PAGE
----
On May 9, Premier Wen Jiabao opened an executive meeting of the State Council on promoting China’s development of information technology and information security. The meeting promulgated a new opinion “Vigorously Promote Informatization Development and Earnestly Guarantee Information Security.” Premier Wen called for a clear division of labor and assignment of responsibilities as well as increased financial support for informatization (Shanghai Securities News, May 10; Xinhua, May 9). Recently released figures from Sichuan suggest this support could be substantial, boosting local information security funding nationwide by 30 percent (Sichuan News Network, May 8). The State Council meeting and its outcome shows the persistent concern for security that runs throughout Beijing’s push to modernize its information technology infrastructure. Beyond cyber security, the involvement of China’s foremost reform advocate in security affairs and a related policy initiative by a factional ally suggests a setback for China’s security chief, Zhou Yongkang.
The new opinion enumerated the following six points for developing China’s information technology infrastructure: expand China’s broadband infrastructure and deploy next generation Internet infrastructure; deepen the integration of industrialization and informatization; accelerate informatization in the social domain, including e-government; improve information services for the agricultural industry; improve information security and management; and accelerate construction of security capabilities. In four of the six categories, information security play a key role, reflecting Beijing’s concern that Chinese computers and networks are too vulnerable to attacks and inadvertent leaks—a point echoed during Defense Minister Liang Guanglie’s recent visit to Washington (Xinhua, May 9; China Daily, May 8; BBC, May 8; Outlook, May 6).
In a widely reprinted article in Outlook, one analyst observed that as Chinese government organizations depend more on information systems, the challenges of information security multiply. One of the primary concerns is how to educate users on changing their behavior to cut back on inadvertent leaks, e.g. through removable storage media and unauthorized connections between secure and unsecure systems (Outlook, May 6; April 16). These concerns have generated some novel efforts to improve cadre awareness, so officials do not fall afoul of regulations. Last year on Hainan Island, for example, security authorities led by the local party secretary, Luo Baoming, opened a museum exhibit on information security practices as well as the consequences of poor secrecy protection work. Luo saw the museum exhibit as a way to counteract dereliction of duty, ignorance and negligence as a source of information leaks (Hainan Daily, August 23, 2011).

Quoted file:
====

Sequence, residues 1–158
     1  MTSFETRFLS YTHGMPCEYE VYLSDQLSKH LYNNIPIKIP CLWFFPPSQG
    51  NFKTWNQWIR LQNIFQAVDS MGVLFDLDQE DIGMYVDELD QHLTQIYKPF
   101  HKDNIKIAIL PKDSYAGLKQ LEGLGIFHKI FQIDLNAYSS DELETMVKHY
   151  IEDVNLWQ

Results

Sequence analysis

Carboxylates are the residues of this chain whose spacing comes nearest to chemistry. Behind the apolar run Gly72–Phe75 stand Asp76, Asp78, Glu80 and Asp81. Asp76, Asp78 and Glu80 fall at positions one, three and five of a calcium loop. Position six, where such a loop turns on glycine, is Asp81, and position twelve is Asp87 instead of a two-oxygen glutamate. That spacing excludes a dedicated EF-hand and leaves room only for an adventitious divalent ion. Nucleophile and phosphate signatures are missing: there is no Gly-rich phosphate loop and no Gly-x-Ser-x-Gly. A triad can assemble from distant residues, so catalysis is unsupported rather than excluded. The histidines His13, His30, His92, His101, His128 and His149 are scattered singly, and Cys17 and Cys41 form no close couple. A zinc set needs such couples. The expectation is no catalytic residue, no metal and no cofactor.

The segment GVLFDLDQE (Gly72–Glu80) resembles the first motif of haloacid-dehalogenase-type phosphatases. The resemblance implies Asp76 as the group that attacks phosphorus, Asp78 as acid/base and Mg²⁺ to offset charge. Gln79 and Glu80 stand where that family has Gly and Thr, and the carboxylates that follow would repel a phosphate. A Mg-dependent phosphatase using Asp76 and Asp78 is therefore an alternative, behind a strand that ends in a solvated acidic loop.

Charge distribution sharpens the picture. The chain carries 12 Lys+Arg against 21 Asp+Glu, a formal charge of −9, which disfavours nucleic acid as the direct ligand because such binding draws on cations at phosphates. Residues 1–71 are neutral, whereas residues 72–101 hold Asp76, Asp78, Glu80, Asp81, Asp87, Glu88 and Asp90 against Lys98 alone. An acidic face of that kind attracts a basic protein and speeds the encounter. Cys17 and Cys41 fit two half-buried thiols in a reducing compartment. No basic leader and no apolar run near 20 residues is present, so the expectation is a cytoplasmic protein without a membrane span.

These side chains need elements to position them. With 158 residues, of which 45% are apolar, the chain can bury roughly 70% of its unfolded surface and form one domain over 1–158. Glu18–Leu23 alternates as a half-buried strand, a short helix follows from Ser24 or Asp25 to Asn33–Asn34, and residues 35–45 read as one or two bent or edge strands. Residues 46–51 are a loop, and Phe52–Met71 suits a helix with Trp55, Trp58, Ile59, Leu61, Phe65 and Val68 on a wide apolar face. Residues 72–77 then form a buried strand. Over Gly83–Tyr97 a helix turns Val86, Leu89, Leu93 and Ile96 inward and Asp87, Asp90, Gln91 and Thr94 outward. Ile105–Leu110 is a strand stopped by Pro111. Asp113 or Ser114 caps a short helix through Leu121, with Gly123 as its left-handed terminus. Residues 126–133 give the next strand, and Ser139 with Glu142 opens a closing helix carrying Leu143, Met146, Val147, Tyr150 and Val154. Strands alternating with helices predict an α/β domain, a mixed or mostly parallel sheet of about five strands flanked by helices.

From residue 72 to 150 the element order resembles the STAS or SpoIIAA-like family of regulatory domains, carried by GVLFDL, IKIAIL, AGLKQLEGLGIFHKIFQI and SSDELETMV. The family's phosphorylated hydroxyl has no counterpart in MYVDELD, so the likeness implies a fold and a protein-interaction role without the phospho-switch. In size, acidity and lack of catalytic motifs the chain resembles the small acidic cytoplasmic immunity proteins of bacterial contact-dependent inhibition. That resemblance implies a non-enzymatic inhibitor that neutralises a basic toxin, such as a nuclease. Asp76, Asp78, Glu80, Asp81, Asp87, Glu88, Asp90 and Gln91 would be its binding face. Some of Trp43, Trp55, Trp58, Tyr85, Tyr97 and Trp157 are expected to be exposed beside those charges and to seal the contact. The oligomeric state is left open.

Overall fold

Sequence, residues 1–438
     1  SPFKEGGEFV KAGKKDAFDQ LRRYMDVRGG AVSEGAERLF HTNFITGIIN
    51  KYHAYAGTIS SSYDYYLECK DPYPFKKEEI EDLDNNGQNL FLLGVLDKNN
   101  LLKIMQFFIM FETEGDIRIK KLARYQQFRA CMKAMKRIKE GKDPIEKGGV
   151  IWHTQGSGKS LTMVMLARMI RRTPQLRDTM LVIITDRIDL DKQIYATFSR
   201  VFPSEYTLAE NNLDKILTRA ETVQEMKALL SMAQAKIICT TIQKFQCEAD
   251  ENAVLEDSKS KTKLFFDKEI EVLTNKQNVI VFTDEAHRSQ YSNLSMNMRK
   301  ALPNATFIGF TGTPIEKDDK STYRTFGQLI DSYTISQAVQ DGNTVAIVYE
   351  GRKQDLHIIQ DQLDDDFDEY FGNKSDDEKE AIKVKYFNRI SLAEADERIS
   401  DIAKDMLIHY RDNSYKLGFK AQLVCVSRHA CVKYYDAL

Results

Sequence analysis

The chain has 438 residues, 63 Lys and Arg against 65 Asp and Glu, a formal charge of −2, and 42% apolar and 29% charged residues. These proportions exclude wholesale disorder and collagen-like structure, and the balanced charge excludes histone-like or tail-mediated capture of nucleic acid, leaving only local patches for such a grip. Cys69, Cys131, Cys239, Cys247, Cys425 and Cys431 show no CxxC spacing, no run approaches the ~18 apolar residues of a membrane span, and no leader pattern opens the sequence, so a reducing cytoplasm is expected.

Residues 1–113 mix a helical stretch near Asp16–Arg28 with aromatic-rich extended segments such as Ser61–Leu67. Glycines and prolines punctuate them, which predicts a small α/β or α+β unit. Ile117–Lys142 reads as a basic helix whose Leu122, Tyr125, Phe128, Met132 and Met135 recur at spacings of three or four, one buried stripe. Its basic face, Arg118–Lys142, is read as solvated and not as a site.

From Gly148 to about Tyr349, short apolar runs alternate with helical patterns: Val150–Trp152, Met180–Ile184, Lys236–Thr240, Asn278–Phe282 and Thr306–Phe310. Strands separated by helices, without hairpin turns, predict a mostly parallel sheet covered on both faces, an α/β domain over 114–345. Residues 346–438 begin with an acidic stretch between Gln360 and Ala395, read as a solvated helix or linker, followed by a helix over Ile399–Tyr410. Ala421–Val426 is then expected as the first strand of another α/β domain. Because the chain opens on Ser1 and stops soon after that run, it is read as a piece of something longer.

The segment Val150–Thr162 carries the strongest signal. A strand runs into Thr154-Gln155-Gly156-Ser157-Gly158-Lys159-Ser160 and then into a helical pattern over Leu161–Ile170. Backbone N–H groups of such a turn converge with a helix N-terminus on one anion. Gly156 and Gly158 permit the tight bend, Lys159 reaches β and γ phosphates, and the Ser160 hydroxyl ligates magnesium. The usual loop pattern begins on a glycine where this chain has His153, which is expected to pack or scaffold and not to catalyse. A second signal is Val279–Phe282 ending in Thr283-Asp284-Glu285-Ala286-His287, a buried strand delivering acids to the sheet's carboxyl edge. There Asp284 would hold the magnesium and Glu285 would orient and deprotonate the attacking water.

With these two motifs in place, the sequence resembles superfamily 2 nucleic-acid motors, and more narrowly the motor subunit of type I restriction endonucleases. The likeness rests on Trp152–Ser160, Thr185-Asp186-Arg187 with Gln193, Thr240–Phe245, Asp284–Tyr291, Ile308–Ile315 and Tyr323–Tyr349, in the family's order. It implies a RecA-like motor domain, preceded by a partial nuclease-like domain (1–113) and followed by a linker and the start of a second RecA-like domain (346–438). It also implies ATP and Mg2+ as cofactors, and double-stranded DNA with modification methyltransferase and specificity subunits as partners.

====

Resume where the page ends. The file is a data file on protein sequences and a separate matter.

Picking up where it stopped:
The other part of building a modern, informatized economy is increasing China’s domestic production of information technology. Although a robust domestic industry has economic benefits, Beijing in this context is concerned with foreign countries’ abilities to build back doors into Chinese government and corporate networks—exploiting the “soft underbelly of supply-chain security.” Currently, China imports 90 percent of its microchips and networking equipment as well as 65 percent of its information security equipment and software—e.g. network firewalls, encryption and network monitoring (Outlook, April 16). The State Council’s recent meeting expands off of and puts a higher-level imprimatur on a Ministry of Industry and Information Technology directive last fall, entitled “Notice on Strengthening Security Management for Industrial Control Systems,” that highlighted the need to build security practices into the normal use of corporate and industrial networks (People’s Net, October 28, 2011).
Concurrent to the State Council session, the newly-launched “Chengdu Information Security Industry Plan Under the Twelfth Five Year Plan” offers an ambitious expansion of information security and secrecy protection work, aiming to more than double this budget by 2015 (Sichuan News Service, May 8). The ambitious investment program and explicitly competitive nature of Chengdu’s plan suggest Chinese information security efforts may suffer from being too localized. Local decisions on technology that is incompatible with other locales’ equipment and software has been a problem in the past, even in such areas as integrating public security databases considered a high priority (China Police Daily, November 18, 2009). Recent commentaries continue to note the need for greater standardization in both the human and technical elements of integrating and securing an increasingly networked China, especially in the area of information security (Outlook, May 6; April 16).
Lastly, there may be a political implication in the State Council announcement. Premier Wen is a curious figure to be announcing such a substantial spending increase on security, even though he has the economic portfolio and informatization has clear implications for the economy. While State Councilor Meng Jianzhu and a key figure behind the public security informatization probably participated in the executive meeting, Zhou Yongkang remained absent from media discussions of information technology and information security as elements of managing stability (Xinhua, May 9). Perhaps not coincidentally, Liu Qibao, the Sichuan Party Secretary with ostensible responsibility for overseeing Chengdu’s plan, also was a former senior Communist Youth League official during the 1980s. Liu’s background probably aligns him strongly with Hu Jintao’s tuanpai faction. This adds to the growing number of reasons to think Zhou has suffered some setbacks as a result of Bo Xilai’s misuse of the police force and Chen Guangcheng’s escape.